Sunday 9 August 2015


ELYE (ELIAS) GILNER (December 5, 1890-February 2, 1976)
            This was the pen name of Khayim-Yitskhok Ginzburg, born in Volkovisk (Wołkowysk), Grodno region, Russian Poland.  At age five he emigrated with his parents to the United States.  Soon thereafter, he returned with them to Lodz, where he lived until 1905 when his father sent for the family to come to Baku, Kavkaz.  In Lodz, he studied in religious elementary school, later graduating a public primary school; in Baku he studied privately, later graduating from a secular high school as an external student.  In the revolutionary of October 1905, he took part in the stormy events in Derbent, Kavkaz (Caucasus).  He began writing in Russian at age eighteen or nineteen.  He published theater reviews and social reportage pieces in the local Russian newspaper, Baku.  In 1912 he emigrated to America.  In 1919 there appeared in Haezra (The citizen) in Tel Aviv the Hebrew translation of a story of his and from a one-act play of his, both having been written in Russian.  The Hebrew translation of another one-act play of his (written originally in English) appeared in Hashiloa (The shiloah) in 1921.  His poems as well as articles about Zionism appeared at that time in Makabeyen (Maccabis), later in New Palestine.  He served, 1922-1923, on the editorial board of the Yiddish-English journal Der idishe soldat (The Jewish soldier), for which he wrote articles and sketches in both Yiddish and English.  In 1925 he published in Tsukunft (Future) in New York the drama Ferdinand lasal (Ferdinand Lassalle).  He contributed to Tog (Day) in New York and to the Yiddish-English magazines: Opinyen (Opinion), Menoyre (Menorah), Kongres vikli (Congress weekly), Kenedyen dzhuish kronikl (Canadian Jewish chronicle), and to the daily Palestine Post.  In 1953 he wrote the historical novel Prince of Israel in English (New York: Exposition Press), 347 pp., and he published it serially in Tog that same year.  His memoirs in English, “Jews Who Fought” and “The Landing,” were published in Braille (for the blind).  His theatrical piece Shmates un brilyantn (Rags and diamonds) was staged in 1926 in Montreal; in Israel his one-act plays, Meaḥore hapargod (Behind the curtains) and Shaul vebaalat haov (Saul and the sorceress), were staged in 1948; and in Buenos Aires and New York his drama Dos kol fun yisroel (The voice of Israel).  Over the years 1934-1935, he edited the revisionist journal Our Voice in New York.  His one-act play, We Will Never Die, premiered in New York in 1930 in English.  Among his pseudonyms: Elias, Eliyahu Ben Ir, Eliyahu Maror, Alef Giml, and Eliyahu Ginzburg.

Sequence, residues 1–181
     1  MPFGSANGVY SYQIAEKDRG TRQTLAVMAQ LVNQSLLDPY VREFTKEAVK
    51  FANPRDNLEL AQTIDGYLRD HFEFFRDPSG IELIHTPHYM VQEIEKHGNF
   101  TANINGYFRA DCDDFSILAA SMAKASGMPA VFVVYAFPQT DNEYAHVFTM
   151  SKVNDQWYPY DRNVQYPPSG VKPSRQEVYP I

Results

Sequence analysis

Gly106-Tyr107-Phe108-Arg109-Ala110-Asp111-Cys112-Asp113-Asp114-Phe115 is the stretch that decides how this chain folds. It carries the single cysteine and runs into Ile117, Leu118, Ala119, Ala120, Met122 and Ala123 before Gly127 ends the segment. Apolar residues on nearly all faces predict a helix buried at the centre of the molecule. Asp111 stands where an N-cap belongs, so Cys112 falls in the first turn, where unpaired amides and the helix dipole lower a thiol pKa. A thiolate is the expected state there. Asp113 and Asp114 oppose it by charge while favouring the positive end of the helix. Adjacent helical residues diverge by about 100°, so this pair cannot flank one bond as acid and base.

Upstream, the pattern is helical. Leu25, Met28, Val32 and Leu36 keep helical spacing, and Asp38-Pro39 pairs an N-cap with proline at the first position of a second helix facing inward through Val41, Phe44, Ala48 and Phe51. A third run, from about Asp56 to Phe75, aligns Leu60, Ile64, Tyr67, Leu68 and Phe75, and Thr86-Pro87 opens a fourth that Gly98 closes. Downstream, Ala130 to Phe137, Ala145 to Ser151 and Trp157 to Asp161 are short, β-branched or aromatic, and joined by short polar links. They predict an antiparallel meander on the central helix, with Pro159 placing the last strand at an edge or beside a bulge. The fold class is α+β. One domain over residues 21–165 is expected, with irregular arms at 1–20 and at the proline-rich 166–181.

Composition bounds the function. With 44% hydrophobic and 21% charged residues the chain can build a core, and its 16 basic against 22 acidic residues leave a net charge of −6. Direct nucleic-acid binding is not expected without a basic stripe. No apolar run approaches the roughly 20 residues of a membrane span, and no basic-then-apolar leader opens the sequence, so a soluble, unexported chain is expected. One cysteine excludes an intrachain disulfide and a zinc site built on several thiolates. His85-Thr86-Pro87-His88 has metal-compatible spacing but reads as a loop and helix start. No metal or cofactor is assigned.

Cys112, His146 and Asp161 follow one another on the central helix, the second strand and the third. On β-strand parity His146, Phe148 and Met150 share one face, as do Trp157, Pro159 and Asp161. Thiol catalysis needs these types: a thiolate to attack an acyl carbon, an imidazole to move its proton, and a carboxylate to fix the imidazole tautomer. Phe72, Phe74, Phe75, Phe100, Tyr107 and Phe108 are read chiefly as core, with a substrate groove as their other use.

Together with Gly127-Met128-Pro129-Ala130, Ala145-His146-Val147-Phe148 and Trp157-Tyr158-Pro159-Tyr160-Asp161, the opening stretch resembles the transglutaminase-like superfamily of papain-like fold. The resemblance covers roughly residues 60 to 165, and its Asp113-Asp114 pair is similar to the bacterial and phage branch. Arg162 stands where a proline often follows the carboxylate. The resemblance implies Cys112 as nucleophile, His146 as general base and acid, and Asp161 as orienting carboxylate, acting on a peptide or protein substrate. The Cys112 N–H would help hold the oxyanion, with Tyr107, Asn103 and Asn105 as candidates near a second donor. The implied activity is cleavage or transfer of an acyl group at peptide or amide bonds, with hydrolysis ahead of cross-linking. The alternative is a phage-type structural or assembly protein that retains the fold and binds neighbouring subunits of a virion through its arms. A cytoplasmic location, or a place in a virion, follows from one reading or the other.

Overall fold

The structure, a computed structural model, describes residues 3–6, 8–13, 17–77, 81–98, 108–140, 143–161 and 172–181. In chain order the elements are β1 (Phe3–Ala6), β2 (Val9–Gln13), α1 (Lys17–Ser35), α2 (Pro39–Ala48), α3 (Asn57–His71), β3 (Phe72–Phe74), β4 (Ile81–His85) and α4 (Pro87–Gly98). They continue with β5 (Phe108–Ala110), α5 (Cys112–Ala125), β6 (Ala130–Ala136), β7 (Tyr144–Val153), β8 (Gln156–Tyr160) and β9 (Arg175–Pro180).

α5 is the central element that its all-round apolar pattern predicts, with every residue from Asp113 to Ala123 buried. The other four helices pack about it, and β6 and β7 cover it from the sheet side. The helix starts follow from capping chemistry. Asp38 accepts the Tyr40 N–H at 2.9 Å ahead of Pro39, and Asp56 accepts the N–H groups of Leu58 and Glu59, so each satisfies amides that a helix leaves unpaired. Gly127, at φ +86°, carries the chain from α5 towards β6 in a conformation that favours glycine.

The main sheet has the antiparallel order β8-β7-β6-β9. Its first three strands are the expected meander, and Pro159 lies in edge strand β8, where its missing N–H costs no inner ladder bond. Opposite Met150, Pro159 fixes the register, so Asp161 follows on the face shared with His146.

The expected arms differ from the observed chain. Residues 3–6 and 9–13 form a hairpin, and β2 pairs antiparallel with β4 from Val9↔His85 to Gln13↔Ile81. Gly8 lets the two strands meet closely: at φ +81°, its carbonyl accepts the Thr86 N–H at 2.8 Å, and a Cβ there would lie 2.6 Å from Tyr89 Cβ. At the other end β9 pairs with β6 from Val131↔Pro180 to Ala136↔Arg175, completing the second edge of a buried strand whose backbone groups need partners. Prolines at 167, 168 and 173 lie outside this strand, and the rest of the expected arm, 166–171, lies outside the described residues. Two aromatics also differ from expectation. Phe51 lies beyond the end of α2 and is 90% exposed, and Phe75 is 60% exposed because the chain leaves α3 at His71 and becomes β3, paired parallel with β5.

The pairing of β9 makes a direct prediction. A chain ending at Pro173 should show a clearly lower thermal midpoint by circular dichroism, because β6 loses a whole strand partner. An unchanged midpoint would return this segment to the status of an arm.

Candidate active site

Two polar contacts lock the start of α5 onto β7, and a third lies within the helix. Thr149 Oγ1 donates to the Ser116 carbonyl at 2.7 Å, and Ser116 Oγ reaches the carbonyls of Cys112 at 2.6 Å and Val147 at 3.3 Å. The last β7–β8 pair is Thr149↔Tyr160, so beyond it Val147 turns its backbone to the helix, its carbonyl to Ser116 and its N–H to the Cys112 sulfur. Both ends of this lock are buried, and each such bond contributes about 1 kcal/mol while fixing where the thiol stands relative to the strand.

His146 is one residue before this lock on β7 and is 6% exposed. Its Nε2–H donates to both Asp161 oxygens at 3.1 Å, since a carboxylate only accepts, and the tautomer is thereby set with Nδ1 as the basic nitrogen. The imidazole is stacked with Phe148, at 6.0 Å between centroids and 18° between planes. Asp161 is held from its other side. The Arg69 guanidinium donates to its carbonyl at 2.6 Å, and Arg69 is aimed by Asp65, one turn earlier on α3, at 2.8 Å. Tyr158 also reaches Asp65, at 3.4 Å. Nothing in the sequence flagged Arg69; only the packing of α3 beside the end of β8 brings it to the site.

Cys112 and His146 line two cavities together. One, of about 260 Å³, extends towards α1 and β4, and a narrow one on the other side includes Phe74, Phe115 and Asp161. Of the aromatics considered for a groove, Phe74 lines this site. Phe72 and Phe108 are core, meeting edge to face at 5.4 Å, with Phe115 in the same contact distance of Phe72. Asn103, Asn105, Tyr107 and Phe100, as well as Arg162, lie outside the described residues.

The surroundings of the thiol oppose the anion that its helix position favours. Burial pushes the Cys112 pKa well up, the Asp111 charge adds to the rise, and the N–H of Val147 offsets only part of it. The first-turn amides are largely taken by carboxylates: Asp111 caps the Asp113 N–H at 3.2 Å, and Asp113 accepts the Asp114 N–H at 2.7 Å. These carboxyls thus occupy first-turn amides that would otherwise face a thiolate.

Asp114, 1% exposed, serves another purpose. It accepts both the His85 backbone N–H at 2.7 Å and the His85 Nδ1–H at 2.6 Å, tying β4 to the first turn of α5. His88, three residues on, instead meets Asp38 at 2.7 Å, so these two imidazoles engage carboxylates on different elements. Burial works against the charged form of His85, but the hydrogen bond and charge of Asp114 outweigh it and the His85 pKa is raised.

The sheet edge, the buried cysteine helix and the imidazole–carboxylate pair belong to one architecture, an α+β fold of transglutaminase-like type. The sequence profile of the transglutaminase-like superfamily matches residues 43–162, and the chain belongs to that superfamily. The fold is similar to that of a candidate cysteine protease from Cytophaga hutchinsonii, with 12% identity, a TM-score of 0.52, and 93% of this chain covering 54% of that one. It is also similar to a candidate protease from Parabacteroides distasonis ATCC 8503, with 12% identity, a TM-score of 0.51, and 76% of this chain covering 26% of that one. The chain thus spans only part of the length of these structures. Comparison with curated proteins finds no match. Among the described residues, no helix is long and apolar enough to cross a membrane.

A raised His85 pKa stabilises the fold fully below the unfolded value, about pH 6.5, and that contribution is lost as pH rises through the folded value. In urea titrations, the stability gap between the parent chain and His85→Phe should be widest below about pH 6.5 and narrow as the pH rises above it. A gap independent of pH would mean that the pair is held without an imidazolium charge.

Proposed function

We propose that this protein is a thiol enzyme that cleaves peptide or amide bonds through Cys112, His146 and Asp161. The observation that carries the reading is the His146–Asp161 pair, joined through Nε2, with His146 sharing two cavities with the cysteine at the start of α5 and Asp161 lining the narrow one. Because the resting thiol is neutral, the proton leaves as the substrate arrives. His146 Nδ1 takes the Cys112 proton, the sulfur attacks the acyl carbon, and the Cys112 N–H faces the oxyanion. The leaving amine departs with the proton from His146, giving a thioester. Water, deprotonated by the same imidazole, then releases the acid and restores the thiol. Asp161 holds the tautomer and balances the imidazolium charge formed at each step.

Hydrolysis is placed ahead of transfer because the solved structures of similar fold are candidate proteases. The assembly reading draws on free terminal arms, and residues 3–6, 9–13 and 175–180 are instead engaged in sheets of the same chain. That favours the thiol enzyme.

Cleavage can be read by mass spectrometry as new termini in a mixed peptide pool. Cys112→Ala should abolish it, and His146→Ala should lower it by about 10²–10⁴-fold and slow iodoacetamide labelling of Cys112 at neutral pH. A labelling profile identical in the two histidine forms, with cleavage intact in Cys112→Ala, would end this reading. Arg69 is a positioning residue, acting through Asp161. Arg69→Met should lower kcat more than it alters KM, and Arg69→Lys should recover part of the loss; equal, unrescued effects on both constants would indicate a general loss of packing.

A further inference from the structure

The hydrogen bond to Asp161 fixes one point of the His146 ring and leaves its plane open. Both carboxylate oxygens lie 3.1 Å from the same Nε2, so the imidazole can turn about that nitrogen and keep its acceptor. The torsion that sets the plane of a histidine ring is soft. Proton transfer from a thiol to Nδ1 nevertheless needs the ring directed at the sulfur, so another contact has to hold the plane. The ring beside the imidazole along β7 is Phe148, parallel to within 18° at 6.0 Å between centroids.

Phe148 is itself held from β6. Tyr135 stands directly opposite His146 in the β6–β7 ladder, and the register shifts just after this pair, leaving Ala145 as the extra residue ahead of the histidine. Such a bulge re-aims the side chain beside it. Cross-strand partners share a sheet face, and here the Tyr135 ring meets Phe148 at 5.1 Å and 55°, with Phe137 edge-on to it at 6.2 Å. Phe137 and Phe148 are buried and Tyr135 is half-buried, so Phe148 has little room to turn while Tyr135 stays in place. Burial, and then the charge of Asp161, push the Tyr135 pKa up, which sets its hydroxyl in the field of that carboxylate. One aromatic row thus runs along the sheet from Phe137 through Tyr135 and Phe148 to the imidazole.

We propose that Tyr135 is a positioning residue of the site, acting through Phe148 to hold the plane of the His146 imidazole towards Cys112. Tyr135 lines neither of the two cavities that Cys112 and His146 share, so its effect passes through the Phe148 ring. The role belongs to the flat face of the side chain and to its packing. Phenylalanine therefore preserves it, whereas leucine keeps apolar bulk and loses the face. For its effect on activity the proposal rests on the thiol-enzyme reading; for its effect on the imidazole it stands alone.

Gilner was a Zionist from his earliest years.  He belonged to the Labor Zionists, 1907-1921.  In 1918 he helped organize and later took part in the Jewish Legion.  In 1920 he was one of the organizers of the Haganah in Jerusalem, commander of the Bezalel Division.  He was arrested (Passover, 1920) by the British and sentenced to three years hard labor.  He was freed after four months sitting in the Acco Fortress.  He was president, 1933-1935, of the Revisionist Zionist Party in America.  In 1939, he was a member of “Vaad hadar hakarmel” (Committee of Hadar) in Haifa.  From 1941 to 1950, he served as president of the Jewish Legions.  He was elected to this same position through 1955.  At the end of 1940, he resigned from the Revisionist Party and in 1941 joined the general Zionists organization.  He was living in Brooklyn, New York, and passed away in Eastchester.

Sources: Kh. Yafe, in Tog (New York) (August 7, 1946); Dr. N. Sverdling, in Tog (June 11 and October 29, 1948); Sverdling, in Tog-morgn-zhurnal (New York) (July 12, 1948); M. Beylin, in Di prese (Buenos Aires) (September 10, 1948); M. Dantsis, in Tog (October 30, 1948); Z. Gutlev, in Morgn-zhurnal (New York) (November 12, 1948); A. Kritshmer-Yizraeli, in Tog (November 20, 1948); Yitskhok Zev, in Morgn-zhurnal (July 18, 1953).

No comments:

Post a Comment